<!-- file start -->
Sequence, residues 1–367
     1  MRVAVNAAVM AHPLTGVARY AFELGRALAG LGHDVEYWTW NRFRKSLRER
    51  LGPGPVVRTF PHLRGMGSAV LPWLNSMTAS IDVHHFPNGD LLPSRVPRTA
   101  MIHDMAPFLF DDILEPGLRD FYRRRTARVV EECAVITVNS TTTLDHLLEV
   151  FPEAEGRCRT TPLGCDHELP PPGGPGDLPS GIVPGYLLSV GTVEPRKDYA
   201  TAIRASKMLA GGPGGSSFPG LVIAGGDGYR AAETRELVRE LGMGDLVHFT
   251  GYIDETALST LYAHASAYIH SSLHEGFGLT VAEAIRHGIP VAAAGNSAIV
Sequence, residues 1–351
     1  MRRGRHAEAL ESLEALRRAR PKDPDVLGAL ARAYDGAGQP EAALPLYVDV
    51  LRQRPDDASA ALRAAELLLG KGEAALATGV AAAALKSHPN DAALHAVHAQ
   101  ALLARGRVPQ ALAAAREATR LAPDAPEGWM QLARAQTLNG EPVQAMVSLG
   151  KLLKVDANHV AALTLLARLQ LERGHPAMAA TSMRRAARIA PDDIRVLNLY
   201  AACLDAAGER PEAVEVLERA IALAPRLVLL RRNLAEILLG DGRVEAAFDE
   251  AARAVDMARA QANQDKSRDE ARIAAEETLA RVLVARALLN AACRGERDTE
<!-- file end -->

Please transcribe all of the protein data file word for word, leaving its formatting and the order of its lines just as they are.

Sequence, residues 1–367
     1  MRVAVNAAVM AHPLTGVARY AFELGRALAG LGHDVEYWTW NRFRKSLRER
    51  LGPGPVVRTF PHLRGMGSAV LPWLNSMTAS IDVHHFPNGD LLPSRVPRTA
   101  MIHDMAPFLF DDILEPGLRD FYRRRTARVV EECAVITVNS TTTLDHLLEV
   151  FPEAEGRCRT TPLGCDHELP PPGGPGDLPS GIVPGYLLSV GTVEPRKDYA
   201  TAIRASKMLA GGPGGSSFPG LVIAGGDGYR AAETRELVRE LGMGDLVHFT
   251  GYIDETALST LYAHASAYIH SSLHEGFGLT VAEAIRHGIP VAAAGNSAIV
Sequence, residues 1–351
     1  MRRGRHAEAL ESLEALRRAR PKDPDVLGAL ARAYDGAGQP EAALPLYVDV
    51  LRQRPDDASA ALRAAELLLG KGEAALATGV AAAALKSHPN DAALHAVHAQ
   101  ALLARGRVPQ ALAAAREATR LAPDAPEGWM QLARAQTLNG EPVQAMVSLG
   151  KLLKVDANHV AALTLLARLQ LERGHPAMAA TSMRRAARIA PDDIRVLNLY
   201  AACLDAAGER PEAVEVLERA IALAPRLVLL RRNLAEILLG DGRVEAAFDE
   251  AARAVDMARA QANQDKSRDE ARIAAEETLA RVLVARALLN AACRGERDTE